The great Legacy read-through continues!
Volume Four: Alliance
After the dramatic events of the previous book, we have a swift change of pace now as we look to the wider galaxy, and catch up with what’s happening with Admiral Gar Stazi of the Galactic Alliance. The Empire attempts to trap Stazi by presenting him with an irresistible target, a new Star Destroyer being built at the Mon Calamari shipyards, the Indomitable. Stazi doesn’t disappoint, and the Empire think they have him in their clutches only to have the tide turned on them, and the Alliance makes off with the ship. In retribution, Darth Krayt personally initiates the mass-genocide of the Mon Calamari people. Stazi decides it might be time to once again pursue an alliance with Roan Fel.
There is also a one-shot issue that follows Darth Wyrlock as he attempts to find answers from the holocron of Darth Andeddu to help him deal with his master Darth Krayt’s impending doom.
To begin, I just want to say that the artwork in this volume is not my cup of tea. At times it was far too cartoon-y and stuff, and I really didn’t appreciate it overall. In addition, I wasn’t a huge fan of the storyline – I can remember reading this one back in the day and enjoying the fact that we were getting to see what was happening in the wider galaxy. I found there to be several missing links in the history that I wanted to see resolved, but now I found that I was just getting confused by things. There are a lot of flashbacks to the earlier war between the Galactic Alliance and the Empire, but nothing seemed to be really explained, which left me with a sense that the war was simply there as a device to have the galaxy in the state that it currently is. I can’t remember if there is any more detail to come, but I am a little deflated at this point in the timeline, trying to work out what on earth the backdrop to these events was supposed to be!
Volume Five: The Hidden Temple
We’re back to Cade and Co for the fifth volume in the series, as we catch up with the crew of the Mynock after their escape from the Sith Temple on Coruscant. Deciding to lie low for a while, they head to the moons of Iego and Cade’s uncle, Bantha Rawk, formerly Jedi Master Nat Skywalker. Bantha has left the order following the Ossus Massacre, and has established a life for himself with his family. When they arrive, however, Black Sun have been attacking the retreat and the Mynock is instrumental in fighting them off. It turns out that there is a bounty on Cade’s head and a lot of people have been looking for his known haunts to see if they can get ahead of him. Unbeknownst to everyone, however, someone else has arrived at Rawk’s Nest, Cade’s former fellow Jedi apprentice, Azlyn Rae. When the Empire turns up looking for Cade, the crew of the Mynock realises that this isn’t safe, so Bantha agrees to lead them to the Hidden Temple of the Jedi to see if they can help.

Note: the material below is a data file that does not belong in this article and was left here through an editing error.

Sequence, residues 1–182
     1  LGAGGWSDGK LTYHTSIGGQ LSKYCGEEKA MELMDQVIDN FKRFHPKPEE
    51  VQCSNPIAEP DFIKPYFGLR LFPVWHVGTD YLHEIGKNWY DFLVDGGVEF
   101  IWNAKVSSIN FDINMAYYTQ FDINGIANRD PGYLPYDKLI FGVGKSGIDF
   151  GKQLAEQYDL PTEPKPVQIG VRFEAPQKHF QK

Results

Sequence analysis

However, Azlyn is serving new masters these days, and helps to lead the Imperial Knights to the Temple in an attempt to broker an alliance between the Jedi and Roan Fel. Cade further expounds his plan to assassinate Darth Krayt, in the hope that the One Sith will fall in on themselves and eliminate that threat. The Imperial Knights feel this could well work in their favour, also, as it would allow Fel to reclaim the throne. Princess Marasiah stays behind at the Jedi Temple while Antares Draco and Azlyn Rae accompany Cade and his crew to the deep core, with Shado Vao also coming along to keep an eye on Cade.
After the previous volume, it felt good to be back to what seems to be the main storyline, seeing Cade, Jariah and Deliah going off on their adventures. We also get further backstory on Rav and his pirates, learning more about Jariah Syn and his hatred of the Jedi along the way. More character development is always a good thing, of course, and as the story moves along we see Cade embracing a little more of the fact that he can use the Force.
Jedi-wise, Master K’Kruhk is back, and it’s also really nice to see T’ra Saa from the Republic series coming back here. Of course, it is somewhat arguable that bringing back so many Jedi from these previous stories makes one question how effective Order 66 really was, but also it serves to show how the Jedi were able to come back in such force so quickly after the fall of the Empire. So I guess there are multiple sides to that.
I can’t help feeling as though the story is feeling a little rushed at this point, though, with Cade having gone from being the fringer nobody to suddenly thinking he has to solve the galaxy’s problems. True, he’s doing it to stop the Sith hunting him, but it all feels just a little bit like there should have been more reconciliation between his character at the start of the series, and how he is now. But maybe I’m expecting too much?
That said, though, I think the story moves along much better when it has this focus on Cade & Co, as if Ostrander and Duursema are much more at home telling the tale of their team, rather than trying to hang that story in the wider galactic context.